There we were, nowhere near the streets, in a cozy, warm living room dancing together. E had put on a CD she’d recently received from her previous partner who consistently rubs me the wrong way for reasons quite explicable yet unimportant to this narrative. What is important is my not being reactive when she chooses to be in contact with him. It’s not important that I dislike the dynamics of their relationship. What is important is that I allow her to relate in whatever way she wants. It’s her want, not mine. I need to remember to butt out, not demo her wiggly room.

The thing is, they weren’t even relating. The CD, an innocuous plastic symbol of their relationship, set off the smoke alarm. Firecrackers go off when you light their fuse. Baseball fans go off when their team gets a hit. Everyone’s looking to unwind in a wound up universe. But thermodynamics and psychodynamics are not always on the same page. The problem is we’re all in some sort of psychic pain most of the time, searching for the treatment that will ease our angst. We typically search in the wrong place because we’ve been programmed to look there by yours un-truly, the corporate entities that gluttonously feed on human suffering.

Just the symbol, that was all. That was all that was required for the outburst. We pretend to be in control, but mostly we’re out of control, in denial, projecting, making scenes, lurching about, stumbling and bumbling and then acting as if all is in order. If we’re in control, why is there so much violence in the world, so much violent imagery, starting with the omnipresent police force that pretends to be keeping the peace? Sometimes I wonder if human beings are truly interested in peace. It seems clear that peace is not kept by force or by threat of force, but by sharing, by letting go, by giving way. Peace, too, requires minimal restraint.

Fools rush, so fools fall. Angels never fall, for they never rush. I was shouting at her. Stop! Look out for the car! Look out! Seemingly, the energy of transformation rounded a corner and sped out of sight. Wasted? Hit and run? Maybe. Maybe not. Perhaps, the energy didn’t speed after all. Perhaps it slowed for a moment and condensed into a denser, more visible form. Funny how ‘going off ’ can mean coming on. At that moment, I might have shouted in pure glee and the mood would not have shifted dramatically. The dancing would have continued, along with the chit chat so helpful for winding down. But at some point, we’re going to wind up again. There are important things to be done. Novel idea: bring our fuller, truer, more genuine selves out into the world, rather than the usual trail mix of persona and shadow.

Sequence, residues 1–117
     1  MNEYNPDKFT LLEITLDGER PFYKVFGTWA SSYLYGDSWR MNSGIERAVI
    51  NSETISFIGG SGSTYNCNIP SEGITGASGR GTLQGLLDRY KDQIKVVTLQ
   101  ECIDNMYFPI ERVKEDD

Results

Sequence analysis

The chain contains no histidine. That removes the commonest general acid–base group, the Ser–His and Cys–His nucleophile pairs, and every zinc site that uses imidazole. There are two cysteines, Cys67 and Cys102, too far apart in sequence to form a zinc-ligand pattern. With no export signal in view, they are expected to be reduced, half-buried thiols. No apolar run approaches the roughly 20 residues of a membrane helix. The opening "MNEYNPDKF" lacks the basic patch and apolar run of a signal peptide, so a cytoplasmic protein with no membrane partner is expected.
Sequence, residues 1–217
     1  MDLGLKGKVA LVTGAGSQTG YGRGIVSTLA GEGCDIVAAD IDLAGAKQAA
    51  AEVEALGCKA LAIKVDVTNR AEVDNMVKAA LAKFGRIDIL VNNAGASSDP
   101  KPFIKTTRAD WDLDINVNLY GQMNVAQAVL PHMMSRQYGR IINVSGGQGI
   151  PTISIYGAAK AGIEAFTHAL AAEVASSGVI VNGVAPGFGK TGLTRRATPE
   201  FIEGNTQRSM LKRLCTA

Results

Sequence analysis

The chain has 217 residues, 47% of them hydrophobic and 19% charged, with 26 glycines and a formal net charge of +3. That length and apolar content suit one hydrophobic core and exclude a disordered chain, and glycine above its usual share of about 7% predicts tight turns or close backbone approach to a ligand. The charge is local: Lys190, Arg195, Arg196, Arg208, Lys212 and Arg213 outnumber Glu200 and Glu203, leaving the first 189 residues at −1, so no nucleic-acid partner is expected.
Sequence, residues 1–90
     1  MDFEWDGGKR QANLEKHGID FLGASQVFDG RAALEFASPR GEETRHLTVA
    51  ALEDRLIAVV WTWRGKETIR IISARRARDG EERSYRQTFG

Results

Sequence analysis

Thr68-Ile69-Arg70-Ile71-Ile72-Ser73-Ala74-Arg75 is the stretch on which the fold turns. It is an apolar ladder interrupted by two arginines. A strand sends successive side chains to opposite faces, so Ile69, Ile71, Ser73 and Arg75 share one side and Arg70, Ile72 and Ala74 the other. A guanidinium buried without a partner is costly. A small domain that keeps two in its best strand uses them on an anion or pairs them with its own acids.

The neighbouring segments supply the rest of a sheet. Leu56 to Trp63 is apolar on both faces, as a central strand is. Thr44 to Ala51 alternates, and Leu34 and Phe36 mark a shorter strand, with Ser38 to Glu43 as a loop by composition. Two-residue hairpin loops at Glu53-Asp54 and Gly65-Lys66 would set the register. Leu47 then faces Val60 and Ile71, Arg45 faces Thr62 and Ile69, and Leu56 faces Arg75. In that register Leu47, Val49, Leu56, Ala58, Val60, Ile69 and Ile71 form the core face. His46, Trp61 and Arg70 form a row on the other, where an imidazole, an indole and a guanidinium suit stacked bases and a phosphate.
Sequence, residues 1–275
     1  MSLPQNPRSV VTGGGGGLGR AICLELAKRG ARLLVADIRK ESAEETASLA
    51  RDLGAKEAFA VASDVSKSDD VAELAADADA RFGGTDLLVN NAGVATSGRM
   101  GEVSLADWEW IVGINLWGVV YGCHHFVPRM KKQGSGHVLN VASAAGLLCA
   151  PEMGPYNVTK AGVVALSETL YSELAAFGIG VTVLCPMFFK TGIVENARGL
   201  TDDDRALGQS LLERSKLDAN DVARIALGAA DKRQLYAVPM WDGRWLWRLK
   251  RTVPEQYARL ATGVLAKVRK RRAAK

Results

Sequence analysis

Integrity? What does it mean in a world where ambition, drive, focus, concentration, commitment, dedication and desire mingle to manufacture the fuel required for getting things done, for ‘seizing the day.’ What needs to be done, of course, is a question integrity alone can answer. Integrity is source and delta, that state we’re driven from and towards, in circuitous, often convoluted ways. When we return from our meandering (recover from our seizures) we remember what needs to be done (kairos, now is the time). In the meantime, we play with the fuel, spill it about in clever ways, pretending its purpose is other than wanton wastefulness. Honesty is key, not sincerity, not earnestness. Simple, unrelenting honesty stops the waste and bitterness rooted in denial and pride. Salt in the wound, honesty allows us to taste the sweet purpose of forgiveness.

There I go again. Another outburst. It would seem that I need wiggle room too. Please allow me to wind down. Healing is the purpose, forgiveness is the means, honesty is our recognition of the need for healing. Blah, blah, fucking blah: modern day trilogy…I mean trinity…I mean tritium…you know what I mean. Everything leaks a bit in the dueling world of duality, where everything seems solid, separate and at odds for a short period of time. Watch out! Watch out for the car! Yes, I shouted. But like I said, “I rarely shout for the sake of shouting…” So why was I making trouble where there seemingly was none? Clearly, my suspension is not in great shape. Hit a pothole, I suppose, spun out of control while attempting to steer clear of the frost heaves and ruts.

That’s why I stood up and was counted for at town meeting when B proposed Richmond vote to not let tarsand oil be transported through town. Reason does just fine in most situations, because everything has a reason. The trouble is, we live in a confused world where we’re so dazed and bedazzled by the onrush of information that we don’t have eyes to see. We’re so busy swiping tiny specks of dust, soap and toothpaste from the mirror that we’ve little time or inclination left for more than a cursory glance in the mirror. How can we be reasonable when we fail to see our hidden drives? How can we be free of addiction when we fearfully consume whatever the trucks deliver? In the addictive culture we’ve created, we need gas almost like we need water, but we don’t need a dirty needle to sustain our culture any more than we need dirty water to quench our thirst.